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I learned a hard lesson in PostgreSQL administration, in particular what happens when tables aren’t vacuumed. I come from a MySQL background and haven’t fully learned what it takes to keep Postgres humming along. I had recently moved the OpenNMS database to another host in an attempt to throw more spindles at a UI slowness issue. Most everything else worked well except the events page would time out while trying to render.  Moving Postgres to another box worked well until it started getting slow again over the holidays.

Looking at my resource graphs for the database server over the previous week, the amount of CPU time spent in I/O wait grew considerably until it eventually stayed pegged out doing nothing but read operations from the disks.  This didn’t seem “right” since I hadn’t added any new switches and the configuration was the same.  Since this was some random box with 2 GB of RAM and I had really been generous with the memory allocations to PostgreSQL, I thought maybe I was exhausting the Linux buffer cache as it was hovering around 6700 KB. Tuning down Postgres’ memory footprint, it didn’t affect buffer cache and I was still doing a ton of read ops off disk.

I fixed the pgsql stats collector and went hunting for what OpenNMS was doing to generate so many reads. It turns out that an UPDATE to the snmpinterface table was consistently taking several seconds to execute.  This is where I learned that PostgreSQL tables need to be vacuumed frequently, especially ones where there are many UPDATEs on that table.  Even after stopping OpenNMS and letting the box do its thing, it took several hours for a ‘VACUUM VERBOSE snmpinterface’ to finish. Even though I had auto_vacuum turned on, it wasn’t actually working because “stats_row_level” wasn’t set to on. Therefore, the tables were never vacuumed!

While that was running, I was reading the event maintenance documentation. I checked out the events table and discovered it too had become bloated.  I update the provisioning group hourly and I had hundreds of thousands of ‘nodeScanCompleted’ and reinitializePrimarySnmpInterface’ UEIs in my events table. Since I really don’t care about these events, I deleted them and added a statement to vacuumd-configuration.xml to purge them after 2 days.  This made a gigantic improvement in displaying events in the web UI, namely, it actually worked again.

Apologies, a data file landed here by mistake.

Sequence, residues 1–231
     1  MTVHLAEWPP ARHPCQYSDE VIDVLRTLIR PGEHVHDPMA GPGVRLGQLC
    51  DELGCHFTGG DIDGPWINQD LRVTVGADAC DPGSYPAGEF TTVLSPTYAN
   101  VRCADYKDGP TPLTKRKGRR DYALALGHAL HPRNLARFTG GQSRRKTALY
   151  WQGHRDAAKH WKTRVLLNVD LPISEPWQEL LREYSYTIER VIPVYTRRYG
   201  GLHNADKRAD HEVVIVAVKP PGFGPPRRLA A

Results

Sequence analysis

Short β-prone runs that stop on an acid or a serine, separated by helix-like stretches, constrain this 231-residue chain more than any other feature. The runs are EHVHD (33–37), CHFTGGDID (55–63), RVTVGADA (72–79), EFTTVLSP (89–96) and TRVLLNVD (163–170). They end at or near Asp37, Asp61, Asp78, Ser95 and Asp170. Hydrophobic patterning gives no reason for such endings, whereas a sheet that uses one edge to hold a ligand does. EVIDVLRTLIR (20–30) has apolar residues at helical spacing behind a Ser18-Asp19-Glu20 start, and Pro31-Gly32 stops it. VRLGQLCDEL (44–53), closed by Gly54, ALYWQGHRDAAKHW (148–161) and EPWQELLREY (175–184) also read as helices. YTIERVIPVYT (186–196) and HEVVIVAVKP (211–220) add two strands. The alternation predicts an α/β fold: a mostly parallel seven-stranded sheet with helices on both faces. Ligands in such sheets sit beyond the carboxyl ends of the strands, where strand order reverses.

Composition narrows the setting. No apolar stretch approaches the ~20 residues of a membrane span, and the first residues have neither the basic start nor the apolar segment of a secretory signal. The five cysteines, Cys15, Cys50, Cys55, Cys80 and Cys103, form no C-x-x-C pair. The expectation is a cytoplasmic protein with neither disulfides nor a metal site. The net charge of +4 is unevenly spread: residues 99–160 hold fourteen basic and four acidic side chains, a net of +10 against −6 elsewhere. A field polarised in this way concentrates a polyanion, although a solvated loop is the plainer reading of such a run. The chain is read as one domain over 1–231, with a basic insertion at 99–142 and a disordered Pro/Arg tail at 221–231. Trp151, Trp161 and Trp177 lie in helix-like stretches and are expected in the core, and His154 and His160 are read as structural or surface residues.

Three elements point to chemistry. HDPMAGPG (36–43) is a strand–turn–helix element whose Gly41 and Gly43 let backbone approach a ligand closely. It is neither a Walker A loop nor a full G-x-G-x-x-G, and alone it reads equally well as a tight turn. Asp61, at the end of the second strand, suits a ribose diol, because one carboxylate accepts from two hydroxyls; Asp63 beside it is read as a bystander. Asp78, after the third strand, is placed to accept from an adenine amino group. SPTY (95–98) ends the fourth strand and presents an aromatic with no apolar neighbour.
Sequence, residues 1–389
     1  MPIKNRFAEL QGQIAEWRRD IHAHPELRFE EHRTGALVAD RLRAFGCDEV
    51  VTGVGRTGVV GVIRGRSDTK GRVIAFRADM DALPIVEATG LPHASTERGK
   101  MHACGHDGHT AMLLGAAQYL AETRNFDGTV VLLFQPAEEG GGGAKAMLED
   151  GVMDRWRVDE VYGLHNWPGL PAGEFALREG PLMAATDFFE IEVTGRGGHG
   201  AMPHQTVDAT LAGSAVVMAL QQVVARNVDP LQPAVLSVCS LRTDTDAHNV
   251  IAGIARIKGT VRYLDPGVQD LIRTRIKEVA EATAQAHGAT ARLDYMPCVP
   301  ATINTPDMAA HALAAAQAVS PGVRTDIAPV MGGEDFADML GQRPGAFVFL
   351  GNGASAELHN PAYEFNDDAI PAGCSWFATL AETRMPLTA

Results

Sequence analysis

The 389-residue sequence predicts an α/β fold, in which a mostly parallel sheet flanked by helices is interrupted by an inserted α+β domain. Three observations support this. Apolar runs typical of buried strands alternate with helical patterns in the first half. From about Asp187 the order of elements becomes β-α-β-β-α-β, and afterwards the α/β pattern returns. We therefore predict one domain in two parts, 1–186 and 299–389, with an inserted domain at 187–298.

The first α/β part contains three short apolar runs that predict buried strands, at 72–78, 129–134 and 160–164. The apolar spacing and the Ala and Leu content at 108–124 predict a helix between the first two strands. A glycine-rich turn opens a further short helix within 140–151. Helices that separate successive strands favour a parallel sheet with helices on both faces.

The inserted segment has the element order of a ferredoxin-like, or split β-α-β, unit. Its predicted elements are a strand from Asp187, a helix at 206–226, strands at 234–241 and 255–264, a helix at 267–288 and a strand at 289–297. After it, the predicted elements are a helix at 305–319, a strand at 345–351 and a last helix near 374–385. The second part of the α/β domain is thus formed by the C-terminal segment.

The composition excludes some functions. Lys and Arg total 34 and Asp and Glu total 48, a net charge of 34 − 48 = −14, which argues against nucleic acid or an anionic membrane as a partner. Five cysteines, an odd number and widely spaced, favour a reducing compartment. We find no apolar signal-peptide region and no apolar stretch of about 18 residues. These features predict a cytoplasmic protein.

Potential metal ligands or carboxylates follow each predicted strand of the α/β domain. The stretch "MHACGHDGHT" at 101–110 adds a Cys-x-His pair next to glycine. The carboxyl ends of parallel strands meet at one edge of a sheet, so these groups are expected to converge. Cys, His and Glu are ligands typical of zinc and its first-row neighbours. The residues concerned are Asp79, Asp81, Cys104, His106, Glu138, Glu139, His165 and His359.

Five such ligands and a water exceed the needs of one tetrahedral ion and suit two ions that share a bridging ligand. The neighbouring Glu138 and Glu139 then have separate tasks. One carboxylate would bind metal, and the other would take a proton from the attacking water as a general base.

Between cleaning up both tables and fixing vacuuming, the excessive read operations completely vanished. From what I can tell, because of the way PostgreSQL’s transaction stuff works, any time it did an update it was having to read all these old transactions off disk first and over time it was a vicious feedback loop.

Lessons learned:

  • sar -d 1 300 is your friend.  If “rd_sec/s” is stays around zero, that means your OS filesystem cache is adequate and it’s not having to go to disk frequently for hot blocks. Finally realizing how VM management and buffer cache works in practice in Linux was a great experience. This is something one of my old bosses tried to teach me a long time ago and it never really sunk in until now.
  • PostgreSQL’s stat collection tries to connect to a random high-numbered port on  If you have deny-all, permit specific rules like I do, make sure you accommodate this with “-A INPUT -i lo -j ACCEPT” or something. Otherwise, the pg_stat tables are empty and there’s no indication why.
  • The I/O characteristics between the database and RRD storage are complete opposites.  The RRD filesystem deals with tons of tiny write operations. The database server does a modest amount of reading large chunks of data off disk (table scans?) with relatively few writes.
  • Keep the events table trimmed, apparently there’s a lot of event correlation going on in the background and extra rows can really slow it down.
  • Check pg_log/postgres-X.log to make sure auto vacuuming is actually working.

Now to see what the next learning experience is!  If I can figure out what’s causing all the “storeResult: org.opennms.netmgt.snmp.SnmpResult” to be written to my output.log, I’ll be happy. (changing collectd logging to FATAL hasn’t seemed to help)

2 Responses to “Hard lessons learned about OpenNMS database maintenance”

  1. pcdbh says:

    After reading your post I ran a few querries on my opennms and found out the following:
    eventuei | count
    uei.opennms.org/vendor/Cisco/traps/ccmGatewayFailed | 2457394
    uei.opennms.org/IETF/ENTITY/traps/entConfigChange | 860872
    uei.opennms.org/translator/traps/SNMP_Link_Down | 273819
    uei.opennms.org/translator/traps/SNMP_Link_Up | 273727
    uei.opennms.org/IETF/DialControl/traps/dialCtlPeerCallSetup | 223817
    uei.opennms.org/IETF/DialControl/traps/dialCtlPeerCallInformation | 223802

  2. IP Gnome says:

    Having a similar problem with opennms. Stats are custom and no longer showing. Currently running a vacuum on the db to see if that helps.

    Thank you for the tip.

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